TO GET YOUR GOAT is the common expression for being very irritated, but this is a libel on goats, creatures which can just as well bring a sense of calm and order — especially if 30 of them are released on a hillside in Polish Hill to eat brush and vines not easily cut back by other means. As the Post-Gazette’s Diana Nelson Jones reported, this vegetation chomp-down took place Tuesday to the surprise of passers-by. The goats, herded together for the start of a neighborhood reclamation project, came from a farm in Saxonburg, Butler County, which grazed them for a fee. No word on whether the goatherd stopped later for a cup of coffee at Crazy Mocha, the Pittsburgh coffee chain which features a goat in its company image.
WHEN IT COMES to wearing seat belts, teenagers are getting the goat of safety officials by not buckling up. A report by the Governors Highway Safety Association said more than 51 percent of teenage drivers killed in U.S. car accidents in 2012 were not wearing seat belts, a trend that is rising. In Pennsylvania that year, 92 out of 106 teenagers killed in car crashes were not buckled up. Many of these tragedies could have been averted if only the herd instinct of teens could be redirected away from thinking they are invincible.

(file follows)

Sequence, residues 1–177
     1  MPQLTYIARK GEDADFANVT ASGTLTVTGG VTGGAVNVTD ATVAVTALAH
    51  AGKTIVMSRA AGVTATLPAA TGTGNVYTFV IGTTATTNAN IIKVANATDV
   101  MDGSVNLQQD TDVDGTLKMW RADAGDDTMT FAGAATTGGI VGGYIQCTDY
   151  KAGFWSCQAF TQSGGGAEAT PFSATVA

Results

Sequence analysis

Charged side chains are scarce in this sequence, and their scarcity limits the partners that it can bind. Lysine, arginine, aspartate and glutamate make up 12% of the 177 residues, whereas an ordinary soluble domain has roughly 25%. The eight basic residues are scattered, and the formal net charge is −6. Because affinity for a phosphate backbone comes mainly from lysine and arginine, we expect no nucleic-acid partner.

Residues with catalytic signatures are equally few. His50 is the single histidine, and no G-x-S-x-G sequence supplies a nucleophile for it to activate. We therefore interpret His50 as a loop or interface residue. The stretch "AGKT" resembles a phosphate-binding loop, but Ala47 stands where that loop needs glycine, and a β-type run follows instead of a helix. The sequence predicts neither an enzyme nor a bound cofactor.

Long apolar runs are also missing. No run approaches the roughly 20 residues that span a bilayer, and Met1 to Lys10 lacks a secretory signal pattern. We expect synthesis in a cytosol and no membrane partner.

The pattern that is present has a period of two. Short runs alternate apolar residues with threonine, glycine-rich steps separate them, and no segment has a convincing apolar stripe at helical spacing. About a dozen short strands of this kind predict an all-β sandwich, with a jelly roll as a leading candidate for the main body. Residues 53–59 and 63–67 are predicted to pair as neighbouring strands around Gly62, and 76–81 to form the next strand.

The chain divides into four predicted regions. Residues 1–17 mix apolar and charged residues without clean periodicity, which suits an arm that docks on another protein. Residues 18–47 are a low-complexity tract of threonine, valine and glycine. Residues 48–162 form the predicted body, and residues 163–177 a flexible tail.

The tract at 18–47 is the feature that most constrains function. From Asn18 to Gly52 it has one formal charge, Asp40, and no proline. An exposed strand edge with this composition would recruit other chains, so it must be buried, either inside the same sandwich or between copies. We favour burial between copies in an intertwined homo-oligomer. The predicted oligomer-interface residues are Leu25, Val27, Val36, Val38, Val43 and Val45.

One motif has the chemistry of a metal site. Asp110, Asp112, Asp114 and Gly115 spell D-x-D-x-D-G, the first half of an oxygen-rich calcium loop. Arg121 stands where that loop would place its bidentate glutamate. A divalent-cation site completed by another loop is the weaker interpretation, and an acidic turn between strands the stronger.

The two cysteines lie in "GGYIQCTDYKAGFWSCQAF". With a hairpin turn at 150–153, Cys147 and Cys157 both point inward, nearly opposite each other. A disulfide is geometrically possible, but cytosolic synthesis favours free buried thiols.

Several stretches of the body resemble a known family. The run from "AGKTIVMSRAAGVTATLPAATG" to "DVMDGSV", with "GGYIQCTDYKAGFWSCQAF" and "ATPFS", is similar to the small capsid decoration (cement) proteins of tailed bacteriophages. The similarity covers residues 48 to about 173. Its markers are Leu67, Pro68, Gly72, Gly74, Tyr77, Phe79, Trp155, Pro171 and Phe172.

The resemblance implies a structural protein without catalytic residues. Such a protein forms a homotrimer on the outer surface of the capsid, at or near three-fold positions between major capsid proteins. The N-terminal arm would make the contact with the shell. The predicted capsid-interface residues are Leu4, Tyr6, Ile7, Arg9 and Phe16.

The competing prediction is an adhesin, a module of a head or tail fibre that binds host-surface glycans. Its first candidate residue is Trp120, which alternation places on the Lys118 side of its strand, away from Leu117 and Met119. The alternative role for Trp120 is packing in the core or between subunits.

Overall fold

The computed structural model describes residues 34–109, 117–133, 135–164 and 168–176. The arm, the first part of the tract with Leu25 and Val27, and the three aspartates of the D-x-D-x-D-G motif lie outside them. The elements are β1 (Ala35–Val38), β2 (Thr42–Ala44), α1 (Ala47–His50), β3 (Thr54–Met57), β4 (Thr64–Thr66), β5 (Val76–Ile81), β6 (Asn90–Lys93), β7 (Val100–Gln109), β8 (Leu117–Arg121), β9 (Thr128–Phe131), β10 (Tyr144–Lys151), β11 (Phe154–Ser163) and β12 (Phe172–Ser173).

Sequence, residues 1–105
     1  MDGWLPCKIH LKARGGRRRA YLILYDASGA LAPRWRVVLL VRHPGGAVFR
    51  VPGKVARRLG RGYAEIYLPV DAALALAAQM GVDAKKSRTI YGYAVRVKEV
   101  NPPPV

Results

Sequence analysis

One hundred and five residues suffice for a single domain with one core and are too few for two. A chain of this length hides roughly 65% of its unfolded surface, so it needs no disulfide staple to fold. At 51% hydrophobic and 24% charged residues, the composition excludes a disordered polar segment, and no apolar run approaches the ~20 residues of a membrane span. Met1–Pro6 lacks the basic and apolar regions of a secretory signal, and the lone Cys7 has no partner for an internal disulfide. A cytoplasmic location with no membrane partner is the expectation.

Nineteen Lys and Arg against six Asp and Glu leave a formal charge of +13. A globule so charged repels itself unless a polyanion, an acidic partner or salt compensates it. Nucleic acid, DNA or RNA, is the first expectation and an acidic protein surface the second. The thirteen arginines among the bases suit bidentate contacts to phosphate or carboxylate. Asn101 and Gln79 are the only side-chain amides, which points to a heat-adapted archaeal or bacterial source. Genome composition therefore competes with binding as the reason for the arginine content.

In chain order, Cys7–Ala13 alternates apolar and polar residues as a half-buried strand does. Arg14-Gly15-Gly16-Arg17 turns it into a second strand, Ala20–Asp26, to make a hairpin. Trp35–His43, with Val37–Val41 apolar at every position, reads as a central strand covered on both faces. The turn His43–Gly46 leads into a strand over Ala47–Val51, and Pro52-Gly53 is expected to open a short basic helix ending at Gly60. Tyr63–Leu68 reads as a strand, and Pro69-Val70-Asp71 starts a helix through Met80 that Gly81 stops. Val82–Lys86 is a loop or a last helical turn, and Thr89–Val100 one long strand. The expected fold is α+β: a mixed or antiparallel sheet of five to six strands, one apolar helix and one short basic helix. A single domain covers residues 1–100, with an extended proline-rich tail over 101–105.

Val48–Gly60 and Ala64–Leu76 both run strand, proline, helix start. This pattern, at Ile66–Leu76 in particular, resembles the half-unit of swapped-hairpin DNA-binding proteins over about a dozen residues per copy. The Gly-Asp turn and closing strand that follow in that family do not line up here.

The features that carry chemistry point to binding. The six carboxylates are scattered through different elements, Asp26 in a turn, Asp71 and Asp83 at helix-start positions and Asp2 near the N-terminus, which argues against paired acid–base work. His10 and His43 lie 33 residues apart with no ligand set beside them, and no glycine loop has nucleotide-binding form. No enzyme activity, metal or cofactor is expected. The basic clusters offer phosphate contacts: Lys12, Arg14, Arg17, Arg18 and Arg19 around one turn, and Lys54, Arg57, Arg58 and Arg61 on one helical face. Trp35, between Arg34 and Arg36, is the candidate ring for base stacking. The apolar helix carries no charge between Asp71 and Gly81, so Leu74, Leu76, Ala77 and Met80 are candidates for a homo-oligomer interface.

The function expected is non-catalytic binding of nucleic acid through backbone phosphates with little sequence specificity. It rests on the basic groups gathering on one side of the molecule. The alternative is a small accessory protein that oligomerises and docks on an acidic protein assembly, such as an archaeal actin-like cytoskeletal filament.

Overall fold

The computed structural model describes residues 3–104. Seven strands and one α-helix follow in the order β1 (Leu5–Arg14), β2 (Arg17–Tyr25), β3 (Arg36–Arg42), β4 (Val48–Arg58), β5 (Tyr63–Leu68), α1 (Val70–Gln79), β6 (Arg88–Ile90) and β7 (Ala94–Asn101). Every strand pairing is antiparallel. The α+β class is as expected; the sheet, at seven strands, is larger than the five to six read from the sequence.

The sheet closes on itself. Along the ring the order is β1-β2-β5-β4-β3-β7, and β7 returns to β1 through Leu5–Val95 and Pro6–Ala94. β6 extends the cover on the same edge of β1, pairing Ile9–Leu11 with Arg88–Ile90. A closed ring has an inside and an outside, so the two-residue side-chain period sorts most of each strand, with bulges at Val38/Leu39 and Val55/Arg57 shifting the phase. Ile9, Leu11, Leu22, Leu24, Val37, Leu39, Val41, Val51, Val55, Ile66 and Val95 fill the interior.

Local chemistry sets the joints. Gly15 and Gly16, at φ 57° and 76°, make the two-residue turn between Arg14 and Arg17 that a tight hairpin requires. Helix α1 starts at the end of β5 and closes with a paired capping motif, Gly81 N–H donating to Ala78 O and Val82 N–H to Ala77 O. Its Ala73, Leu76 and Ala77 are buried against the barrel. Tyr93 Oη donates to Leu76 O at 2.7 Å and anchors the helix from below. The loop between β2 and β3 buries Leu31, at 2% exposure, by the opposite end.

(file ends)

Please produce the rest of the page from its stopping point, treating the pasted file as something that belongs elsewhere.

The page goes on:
ALLEGHENY COUNTY has waited years to have a cleanliness grading system for restaurants — A, B, C grades prominently displayed, a practice that diners appreciate in places like food-savvy New York City. Like a slow-cooking stew, this reform isn’t yet ready to serve, but the end of a public comment period on June 12 advances the timetable. As the Post-Gazette’s Patricia Sabatini reported last week, the comments ran roughly 2-1 against the plan, but many of those opposed were in the industry. Their fears are overblown, unless they keep live goats in the kitchen. The county health board will vote on the plan in early September.